IOTA Forum on Tax Debt Management “Tax Debt Management during the high-impact Events” - Interview

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‘The atmosphere of the Forum Meeting was very constructive and encouraging.’, said Suvi Katajamaa, Senior Advisor of the Finnish Tax Administration, who, together with his colleague Antti Heikonen, participated as a speaker in the recently organised IOTA Tax Debt Management Forum. The event was successfully held between 4th-6th October 2022, in Budapest, Hungary, and covered tailored strategies, working methods, as well as best practices to ensure effective debt management during high-impact events.

The main theme of the TDM Forum revolved around high-impact events that could lead to an unpredictable or unstable situation negatively affecting the regular functioning of a tax administration in relation to the management of tax debts at the regional, national, or international level.

Suvi and Antti’s presentation showcased The Finnish Preparedness Model in the Case of High-Impact Events and gained great interest among the attendees of the Forum Meeting. In the following interview they share their experiences from the TDM Forum, they reveal what makes the Finnish Preparedness Model special, in addition, why they believe that the high-impact events expand their ability to think outside the box and more.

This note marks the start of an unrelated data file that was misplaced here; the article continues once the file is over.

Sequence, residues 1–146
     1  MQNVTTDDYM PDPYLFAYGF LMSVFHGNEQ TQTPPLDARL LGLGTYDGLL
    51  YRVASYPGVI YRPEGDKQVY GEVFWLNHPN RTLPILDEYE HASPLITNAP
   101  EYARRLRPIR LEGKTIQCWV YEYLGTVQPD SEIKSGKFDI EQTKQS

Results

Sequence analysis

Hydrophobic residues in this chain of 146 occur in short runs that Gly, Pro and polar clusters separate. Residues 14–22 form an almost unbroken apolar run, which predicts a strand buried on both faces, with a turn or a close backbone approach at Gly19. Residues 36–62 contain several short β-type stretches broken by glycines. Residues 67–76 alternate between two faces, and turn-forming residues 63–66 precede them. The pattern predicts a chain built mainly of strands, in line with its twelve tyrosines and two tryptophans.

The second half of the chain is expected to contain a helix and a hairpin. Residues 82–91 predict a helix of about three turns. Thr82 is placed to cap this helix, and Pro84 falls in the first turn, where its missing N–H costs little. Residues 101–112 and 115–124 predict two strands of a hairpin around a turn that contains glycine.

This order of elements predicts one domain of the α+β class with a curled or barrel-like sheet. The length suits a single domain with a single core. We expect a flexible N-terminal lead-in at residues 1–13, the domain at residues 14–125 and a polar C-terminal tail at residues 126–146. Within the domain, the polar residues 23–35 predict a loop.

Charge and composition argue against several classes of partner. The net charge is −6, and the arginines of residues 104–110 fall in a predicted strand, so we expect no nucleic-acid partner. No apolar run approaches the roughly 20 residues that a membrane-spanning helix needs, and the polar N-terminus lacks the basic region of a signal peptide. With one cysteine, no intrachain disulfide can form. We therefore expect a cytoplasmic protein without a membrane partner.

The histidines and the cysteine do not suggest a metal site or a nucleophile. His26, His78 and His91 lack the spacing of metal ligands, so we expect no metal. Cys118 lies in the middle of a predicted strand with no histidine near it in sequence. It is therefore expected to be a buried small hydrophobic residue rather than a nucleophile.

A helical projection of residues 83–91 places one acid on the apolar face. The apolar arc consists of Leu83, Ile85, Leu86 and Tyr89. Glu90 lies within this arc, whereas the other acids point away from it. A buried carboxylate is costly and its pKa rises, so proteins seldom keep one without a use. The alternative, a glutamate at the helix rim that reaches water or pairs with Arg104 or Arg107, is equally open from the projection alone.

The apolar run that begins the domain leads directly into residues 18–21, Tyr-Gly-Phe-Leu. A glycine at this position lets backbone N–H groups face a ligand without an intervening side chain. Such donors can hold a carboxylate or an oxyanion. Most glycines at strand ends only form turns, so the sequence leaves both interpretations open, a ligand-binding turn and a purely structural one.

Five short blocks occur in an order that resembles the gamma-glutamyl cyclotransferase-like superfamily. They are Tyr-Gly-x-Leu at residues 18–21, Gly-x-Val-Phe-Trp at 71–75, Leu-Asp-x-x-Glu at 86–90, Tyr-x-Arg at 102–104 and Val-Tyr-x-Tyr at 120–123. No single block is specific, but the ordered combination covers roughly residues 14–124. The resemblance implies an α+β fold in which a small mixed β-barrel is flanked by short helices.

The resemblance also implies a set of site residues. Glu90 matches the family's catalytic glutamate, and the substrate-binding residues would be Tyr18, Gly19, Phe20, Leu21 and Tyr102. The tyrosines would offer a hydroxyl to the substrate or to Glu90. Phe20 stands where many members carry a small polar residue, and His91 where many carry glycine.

Erika Szabo/IOTA Secretariat: Could you please tell us a bit about yourselves and your professional background?

Suvi Katajamaa, Finland: I have been working in Finnish Tax Administration for 9 years. I had worked in many different positions in our collections department before I started in this post as a senior adviser in Steering Unit for the Taxation Unit. I am responsible for matters that concern payment arrangements, tax reliefs and interruptions of enforced recovery. My task is to develop our processes in my responsibility areas. Before I started to work for the Finnish Tax Administration, I worked for several years in a private collection agency.

Antti Heikonen, Finland: I have more than 10 years of experience of working as a senior adviser at the Finnish Tax Administrations Steering Unit for the Taxation Unit. I am responsible for steering and developing our insolvency procedures. I have also experience in developing our collection process system.

ES: How did you feel at the Forum Meeting? What did you like the most about the event?

Suvi Katajamaa & Antti Heikonen: The atmosphere of the Forum Meeting was very constructive and encouraging. In our opinion, the most interesting part of the meeting was to find out how other member countries had solved the same kind of challenges which we also had experienced during the Covid-19. It was also valuable to learn how others had developed their collection processes due to Covid-19.

ES: Your presentation ran under the theme of The Finnish Preparedness Model in Case of High- Impact Events. How could you describe this Preparedness Model? What makes this model special?

Suvi Katajamaa & Antti Heikonen: Firstly, in Finland, it is mandatory by law that all authorities have preparedness models. In our preparedness model, we have acknowledged a few key risks and threats, and for those situations, we have prepared us for. That means, that we have not been concentrating on what kind of high impact events we could possibly be faced with, instead, we have been focusing on the effects that the high impact event would cause on our productions or functions, and for those threats, we have prepared us for.